CUMMING, Ga. — “I was in the 11th grade and we were living in the city limits in Cumming, Georgia,” Martha McConnell said about that Christmas Day in 1964.

It was the day a bridge near her neighborhood in Forsyth County became the epicenter of a holiday tragedy.

“My stepdad was visiting his mom and dad in Hall County,” said McConnell. “When he returned he was very upset. He had come across a wreck that involved a family with children.”

That wreck involved two families filled with 11 adults and children. By the time good Samaritans and divers pulled everyone out of the water, the death toll would rise to seven. More than half a century later, it remains the deadliest day on Lake Lanier.

Christmas Day at the home on West Myrtle Street in Gainesville began as it does for many families with young children: a frenzy of presents, playing and cooking.

The Brown and Rodgers families both lived in the Gainesville home with their children. There were four adults and seven children, ranging in age from infants to six years old. As the children played with their new toys, the mothers spent the morning cooking a Christmas meal.

Around 1 p.m., they all decided they wanted some apples for their holiday meal. So both families piled into the Brown family’s 1959 car to drive across Lake Lanier to an orchard. When they hit The Two Mile Bridge on Highway 141, the driver lost control of the car.

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“It was down a slope and I think you came around a curve and started down,” said McConnell who lived near the bridge. “So it would have been very easy to venture off into another lane.”

According to published reports in 1964, the car clipped a guard rail, hit a power pole so hard it snapped it in half and flipped into Lake Lanier.

“I think he got there just moments after the accident happened,” McConnell said remembering her stepfather describing how he tried to pull people out of the water.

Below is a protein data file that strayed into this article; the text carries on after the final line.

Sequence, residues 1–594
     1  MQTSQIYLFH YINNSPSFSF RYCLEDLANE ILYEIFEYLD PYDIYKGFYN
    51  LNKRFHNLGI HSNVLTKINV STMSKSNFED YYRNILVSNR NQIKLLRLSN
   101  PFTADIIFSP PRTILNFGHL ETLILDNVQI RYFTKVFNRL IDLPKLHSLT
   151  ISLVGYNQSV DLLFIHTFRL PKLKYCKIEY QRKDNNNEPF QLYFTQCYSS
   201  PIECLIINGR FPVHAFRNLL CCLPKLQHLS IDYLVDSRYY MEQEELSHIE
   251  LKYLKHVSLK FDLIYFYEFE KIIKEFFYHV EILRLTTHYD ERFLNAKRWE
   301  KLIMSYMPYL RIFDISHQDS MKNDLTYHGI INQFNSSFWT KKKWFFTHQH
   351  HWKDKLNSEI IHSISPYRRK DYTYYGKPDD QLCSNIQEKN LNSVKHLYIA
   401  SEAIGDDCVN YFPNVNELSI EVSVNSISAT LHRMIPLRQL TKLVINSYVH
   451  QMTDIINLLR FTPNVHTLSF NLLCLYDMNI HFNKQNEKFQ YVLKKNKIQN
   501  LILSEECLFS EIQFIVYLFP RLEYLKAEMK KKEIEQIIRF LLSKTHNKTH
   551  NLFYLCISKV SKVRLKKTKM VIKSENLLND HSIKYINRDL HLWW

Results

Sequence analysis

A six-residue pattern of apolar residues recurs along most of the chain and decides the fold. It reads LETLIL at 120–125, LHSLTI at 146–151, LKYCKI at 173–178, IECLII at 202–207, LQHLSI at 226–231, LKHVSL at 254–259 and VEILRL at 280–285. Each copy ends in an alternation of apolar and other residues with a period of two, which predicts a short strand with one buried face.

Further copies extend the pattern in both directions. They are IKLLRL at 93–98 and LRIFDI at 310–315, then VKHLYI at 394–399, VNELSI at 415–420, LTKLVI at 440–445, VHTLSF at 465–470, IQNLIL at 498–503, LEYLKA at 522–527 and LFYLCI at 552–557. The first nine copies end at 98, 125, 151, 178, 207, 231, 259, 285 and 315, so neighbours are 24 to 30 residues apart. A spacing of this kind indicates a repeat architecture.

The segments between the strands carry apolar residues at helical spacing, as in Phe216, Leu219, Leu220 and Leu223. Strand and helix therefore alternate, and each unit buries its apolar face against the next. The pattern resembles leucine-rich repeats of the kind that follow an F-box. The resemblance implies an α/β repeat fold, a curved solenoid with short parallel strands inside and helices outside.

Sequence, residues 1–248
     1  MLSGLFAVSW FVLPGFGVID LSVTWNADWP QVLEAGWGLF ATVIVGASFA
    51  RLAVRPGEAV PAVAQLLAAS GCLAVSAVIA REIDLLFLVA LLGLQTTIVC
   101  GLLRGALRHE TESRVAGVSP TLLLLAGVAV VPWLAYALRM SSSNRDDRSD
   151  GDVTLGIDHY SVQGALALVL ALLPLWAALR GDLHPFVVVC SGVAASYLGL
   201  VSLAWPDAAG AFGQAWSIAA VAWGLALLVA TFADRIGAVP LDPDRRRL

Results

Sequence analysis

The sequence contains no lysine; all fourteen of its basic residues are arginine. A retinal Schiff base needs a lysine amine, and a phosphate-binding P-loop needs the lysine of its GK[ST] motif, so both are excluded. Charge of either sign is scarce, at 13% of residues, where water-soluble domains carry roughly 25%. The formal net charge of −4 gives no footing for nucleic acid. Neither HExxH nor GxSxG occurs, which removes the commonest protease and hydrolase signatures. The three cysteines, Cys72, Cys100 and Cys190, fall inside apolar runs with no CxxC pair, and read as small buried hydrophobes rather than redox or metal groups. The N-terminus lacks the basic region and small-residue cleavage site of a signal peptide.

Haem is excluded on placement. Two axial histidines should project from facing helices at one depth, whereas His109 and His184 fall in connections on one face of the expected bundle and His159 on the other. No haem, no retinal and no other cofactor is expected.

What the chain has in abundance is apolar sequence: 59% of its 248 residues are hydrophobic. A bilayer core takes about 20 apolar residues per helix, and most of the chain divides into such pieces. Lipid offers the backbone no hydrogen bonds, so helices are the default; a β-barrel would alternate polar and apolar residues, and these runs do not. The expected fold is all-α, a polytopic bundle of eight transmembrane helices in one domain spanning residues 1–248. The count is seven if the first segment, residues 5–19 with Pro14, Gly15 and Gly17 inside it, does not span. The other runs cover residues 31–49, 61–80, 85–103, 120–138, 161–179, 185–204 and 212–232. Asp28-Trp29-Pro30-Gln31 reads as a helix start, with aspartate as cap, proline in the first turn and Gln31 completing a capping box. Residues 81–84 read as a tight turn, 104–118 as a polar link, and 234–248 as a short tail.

He was one of several passersby who jumped into Lanier’s cold waters to try to help. Divers from local fire departments were also brought in and reported near zero visibility. The car lay at the bottom of the lake, submerged in about 30 feet of water.

"He (Martha’s stepfather) jumped out of the car to see if he could help and he told us there was what he thought was a doll belonging to one of the children floating in the water,” said McConnell. “And then they found out it was actually one of the children.”

According to published reports at the time, witnesses said Mr. Brown was driving the car and had been drinking “rot gut liquor” Christmas morning.

“You just didn’t hear things like that - that big of a tragedy happening around here,” said McConnell 

She still lives in Forsyth and is now the head of the Cumming/Forsyth County Historical Society.

Hundreds of people lined the shores of Lake Lanier that Christmas Day in 1964, mourning for the families as crews tried to recover the bodies and tend to the survivors. In the end, seven people perished: two adults, including the driver, and five children. 

Four survived.

“I think it just horrified him because there were so many children involved,” said McConnell 

She said memories of the incident stayed with her stepfather for years after.

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